In addition, DDoS often forms short, low-volume, ‘stealth' attacks that will go unnoticed, allowing adversaries to cause devastation without alerting security staff. Lloyd points out that malware is often planted following successful DDoS attacks – and this can go unnoticed. “The DDoS is the horse that knocks down the walls and then the malware and ransomware gets in.”


At the same time, some commentators question how likely an attack on UK infrastructure would be, since the obvious response is retaliation. Due to the risk of escalation, Warrington doesn't think the UK is currently under threat from a large scale targeted attack. “If you are a country and want to knock off the power grid, but there is no conflict, then why would you do that? I can see scenarios where someone would take down the national grid, but this would be followed by missiles. It's when one country is trying to take down another.”

Others disagree, citing multiple suspected attacks that have taken place already. Elmellas says the obvious perpetrators would be North Korea or Russia. 

Jalal Bouhdada, founder and principal ICS security consultant at Applied Risk says government agencies are a risk – including the Chinese and Russians. “Russia is very active and they are preparing themselves.”

Jalal Bouhdada, founder and principal ICS security consultant at Applied Risk

If there was to be an attack, Warrington thinks the energy sector is the most vulnerable. “You don't build a power station overnight. It would not surprise me if some of the power stations have systems even older than [Windows] XP: they were never designed to be connected to the internet. It's a massive job to replace them.”

So how can organisations involved in these critical sectors stay secure? It is integral to get the basics right, says Warrington. “We have been talking about this for a few years now but the NIS directive forces critical organisations to take it seriously. You shouldn't be able to plug a USB stick into a laptop that's connected to a power station. You need extra layers of defence around it.”

Taking this into account, Warrington advises: “Instead of taking a power station out for a year to upgrade say, ‘we accept these systems are vulnerable' and implement layers of security to protect them. You must consider things like restricting physical access.”

“You have to think like an attacker, considering where there are vulnerabilities,” he adds. 

With this in mind, he also thinks organisations such as power stations need to undergo physical penetration testing. “Are people going to try and get into your buildings to cause disruption? You don't storm the font doors when attacking critical national infrastructure – you try and find laptops that are unlocked.”

Azeem Aleem, director of advanced cyber defence practice EMEA at RSA Security says organisations need to face these challenges “head on”. He explains: “The only way to do this is by having visibility and context. This means conducting a thorough risk assessment, understanding the dependencies between systems, using threat detection to monitor and alert on attacks, and contextualising results in order to prioritise events.”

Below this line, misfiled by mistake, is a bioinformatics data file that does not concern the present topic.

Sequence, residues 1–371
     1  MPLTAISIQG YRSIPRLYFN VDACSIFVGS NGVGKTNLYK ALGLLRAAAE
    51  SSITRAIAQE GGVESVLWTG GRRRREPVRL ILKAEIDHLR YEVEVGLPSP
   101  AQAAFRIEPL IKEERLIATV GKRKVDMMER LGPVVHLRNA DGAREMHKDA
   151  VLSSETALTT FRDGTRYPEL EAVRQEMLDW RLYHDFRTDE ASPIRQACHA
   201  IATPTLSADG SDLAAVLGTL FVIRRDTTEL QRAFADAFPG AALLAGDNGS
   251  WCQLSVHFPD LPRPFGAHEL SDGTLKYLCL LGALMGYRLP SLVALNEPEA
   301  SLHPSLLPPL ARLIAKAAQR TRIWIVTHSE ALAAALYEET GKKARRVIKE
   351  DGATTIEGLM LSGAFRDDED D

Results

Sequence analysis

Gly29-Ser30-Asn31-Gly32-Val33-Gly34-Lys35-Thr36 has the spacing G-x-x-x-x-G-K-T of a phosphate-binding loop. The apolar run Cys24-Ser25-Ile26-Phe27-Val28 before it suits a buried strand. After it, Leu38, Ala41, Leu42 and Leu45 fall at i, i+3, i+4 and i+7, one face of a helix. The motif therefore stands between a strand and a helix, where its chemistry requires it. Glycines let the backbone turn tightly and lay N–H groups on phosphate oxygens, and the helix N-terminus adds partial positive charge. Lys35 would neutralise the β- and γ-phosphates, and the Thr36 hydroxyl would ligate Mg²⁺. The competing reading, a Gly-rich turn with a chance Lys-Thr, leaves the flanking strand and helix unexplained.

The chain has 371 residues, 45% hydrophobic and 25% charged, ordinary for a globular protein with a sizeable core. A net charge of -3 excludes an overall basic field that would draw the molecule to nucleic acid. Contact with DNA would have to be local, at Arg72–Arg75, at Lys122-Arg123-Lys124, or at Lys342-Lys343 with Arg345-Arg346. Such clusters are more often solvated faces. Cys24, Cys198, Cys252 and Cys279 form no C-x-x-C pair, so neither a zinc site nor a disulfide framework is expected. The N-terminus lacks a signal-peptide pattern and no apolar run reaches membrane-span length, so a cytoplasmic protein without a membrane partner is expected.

Protecting critical systems 

Hart advises removing static passwords and identifying whether key data sets are susceptible, applying encryption and appropriate key management. “If any data is at risk, we need security controls to be as close to the data as possible. It's simple, but lots of people aren't doing it. It's about authentication, encryption and key management – those three controls.”

Meanwhile, specific critical industries are taking steps to protect against crippling attacks. For example, banks are tackling the issue with CBEST – a Bank of England initiative. “This is threat intelligence led penetration testing done on live systems,” says Warrington. 

And overall, despite the risk, Elmellas thinks the UK has been “pretty good” at securing its critical infrastructure. “In many cases, we are surrounding the embedded pieces of code that we can't patch in compensating controls such as firewalls, so we are almost making our old environment fit for purpose. That is our biggest strategic defence. “

Meanwhile, Ken Munro, security researcher at Pen Test Partners agrees that the UK's conventional critical national infrastructure is “in a relatively good state”. However, he advises organisations to have a response plan in place. “It's an arms race and we need to make sure we are ahead of everyone else.”

Bouhdada also advises organisations to conduct a risk assessment, implement security controls and ensure they have adequate incident response. “And the most important part to focus on is people.”

In addition, he says: “We cannot ignore artificial intelligence (AI), which will allow adversaries to use machine learning to conduct all kinds of attacks. Protection is about collaboration, information sharing, and being proactive and well-prepared.”